Namibian authors struggle

03 August 2018
Author   Rinelda Mouton
The local publishing industry in Namibia is small and authors struggle to sell their books. 
Publishers also face problems with the tiny book sales market in Namibia and the high cost of printing, editing, marketing, and artwork.  Selling text books to government schools is the only profitable area and this field is limited. Some of those involved in the book industry, spoke to the Windhoek Observer about their frustrating experiences.
Author Johan Beyers refers to his first fiction book, the Kupferberg Mining Company as a total disaster. He moaned that the marketing was not done well. “The book was never launched. The publisher did nothing to boost the sales of the book. There was also no an opportunity for me to sign the book or meet with the public to speak about the book,” Beyers said.
Beyers said he was struggling to get the book sold. “No one can buy the book if they are not aware of it.”
From his past experience, Beyers said that in future he will consider self-publishing.
When questioned about the lack of a reading culture in Namibia and the relatively low numbers of Namibian book lovers (or those who can afford to buy books), Beyers said, “The market for literature in Namibia is very small. There is not a huge fan base for books in Namibia and this greatly effects the amount of books that authors sell.”
He further groaned that in Namibia there are only a few publishing houses. “I have seen dormant plot proposals piling up at publishing houses. These are good Namibian stories, but publishers are unable to move on them.  Many authors are self-publishing, but this is also not easy. It requires plenty of work such as to find and pay someone to edit your book and to print, market and sell it on your own, the Kuperberg author said.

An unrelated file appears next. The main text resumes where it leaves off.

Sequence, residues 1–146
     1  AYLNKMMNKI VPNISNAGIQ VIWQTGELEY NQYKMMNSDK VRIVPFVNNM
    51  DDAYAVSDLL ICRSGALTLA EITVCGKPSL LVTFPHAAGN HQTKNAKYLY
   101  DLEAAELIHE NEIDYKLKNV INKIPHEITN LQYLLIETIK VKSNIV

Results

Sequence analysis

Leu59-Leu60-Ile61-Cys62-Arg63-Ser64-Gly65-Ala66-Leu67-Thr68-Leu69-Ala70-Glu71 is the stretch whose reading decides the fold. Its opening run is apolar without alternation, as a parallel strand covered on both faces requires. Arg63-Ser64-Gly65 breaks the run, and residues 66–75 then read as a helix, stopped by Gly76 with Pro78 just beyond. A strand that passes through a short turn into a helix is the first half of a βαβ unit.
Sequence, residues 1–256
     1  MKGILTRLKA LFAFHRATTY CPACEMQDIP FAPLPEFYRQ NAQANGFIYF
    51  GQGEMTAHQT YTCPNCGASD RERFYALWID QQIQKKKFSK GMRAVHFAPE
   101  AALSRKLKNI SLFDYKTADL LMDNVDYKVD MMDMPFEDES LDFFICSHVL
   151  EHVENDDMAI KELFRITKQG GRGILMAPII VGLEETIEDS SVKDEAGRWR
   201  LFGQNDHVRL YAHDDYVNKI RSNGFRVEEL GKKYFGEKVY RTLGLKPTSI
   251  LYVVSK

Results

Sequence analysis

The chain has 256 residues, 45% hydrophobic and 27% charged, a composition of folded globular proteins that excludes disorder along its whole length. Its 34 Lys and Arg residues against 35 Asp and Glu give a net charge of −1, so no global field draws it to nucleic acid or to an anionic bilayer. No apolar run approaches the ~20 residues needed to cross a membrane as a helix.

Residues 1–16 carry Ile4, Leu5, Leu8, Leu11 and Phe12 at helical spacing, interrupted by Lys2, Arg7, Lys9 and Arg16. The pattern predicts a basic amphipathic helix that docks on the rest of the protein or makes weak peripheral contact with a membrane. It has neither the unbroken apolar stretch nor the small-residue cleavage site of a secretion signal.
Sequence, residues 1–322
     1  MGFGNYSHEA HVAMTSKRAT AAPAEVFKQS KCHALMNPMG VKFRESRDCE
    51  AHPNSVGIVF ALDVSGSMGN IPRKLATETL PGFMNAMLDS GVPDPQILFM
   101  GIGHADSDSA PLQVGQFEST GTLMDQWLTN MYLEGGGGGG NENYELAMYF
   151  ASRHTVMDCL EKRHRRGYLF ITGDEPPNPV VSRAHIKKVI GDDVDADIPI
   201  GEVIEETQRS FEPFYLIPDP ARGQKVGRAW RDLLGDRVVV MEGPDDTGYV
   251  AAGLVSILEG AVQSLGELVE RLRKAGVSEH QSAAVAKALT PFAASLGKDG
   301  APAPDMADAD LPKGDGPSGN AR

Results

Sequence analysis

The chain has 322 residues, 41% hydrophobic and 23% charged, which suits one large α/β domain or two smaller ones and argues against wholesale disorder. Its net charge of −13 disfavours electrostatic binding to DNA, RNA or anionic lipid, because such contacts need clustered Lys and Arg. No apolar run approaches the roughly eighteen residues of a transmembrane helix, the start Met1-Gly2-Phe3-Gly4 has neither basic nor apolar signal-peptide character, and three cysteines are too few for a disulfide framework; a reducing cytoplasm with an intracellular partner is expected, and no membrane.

Author and editor, retired book publisher, Jane Katjavivi – agrees with Beyers.  In an earlier interview on this topic with the Windhoek Observer for our Education Supplement, she said that it is not easy to start a publishing venture, because it is hard to sustain one. “You need good people to help the authors develop their books, and to edit them. You need money to pay high printing costs and wait for the books to sell so you can recoup your investment. I wanted to build a publishing company that would last, but I did not manage this.”
She said the Arts Council does provide some funds to authors to help them publish their books themselves. However, they (authors) need greater investment, to cover editing and printing costs, run workshops to guide new writers, etc.
When questioned about some of the challenges that authors might face, Katjavivi mentioned that confidence and tenacity is necessary for all authors.  “You will need to write and rewrite your story many times, until it can stand on its own and speak to the readers.  You must not get frustrated by the process,” she said.
Katjavivi said she published ten books of Nama folktales, in Khoekhoegowab, but unfortunately these did not sell. She said the Ministry of Education was also not interested to buy them for the schools.
Namibia author, Hungiree Wilson Billawer who wrote Outside the Box: A Book of Poems in 2013, said one of the greatest challenges that he is faced with is to sell the book. “It is a lot of work. You need to go from one place to another. You have no other choice, because the public needs to know about the book. I often attend events and showcase my work there,” he said.
Billawer said despite the challenges that he is faced with he remains faithful to writing because it is his passion. He is currently working on another book that he plans to launch later this year.
The poet said when he prints his second book he will use social media to promote it. “I have not done this yet.   Others are doing this and they have been successful,” he said.
Speaking about the increased use of e-books, author Beyers has mixed feelings on the topic.  “I am personally not a fan of e-books, because I like the smell of an actual book, but they have a positive side. If they are making people read, then it is a good thing and more people are reading and buying their books using that method,” Beyers said.


The Windhoek Observer is an English-language weekly newspaper, published in Namibia by Paragon Investment Holding. It is the country's oldest and largest circulating weekly.

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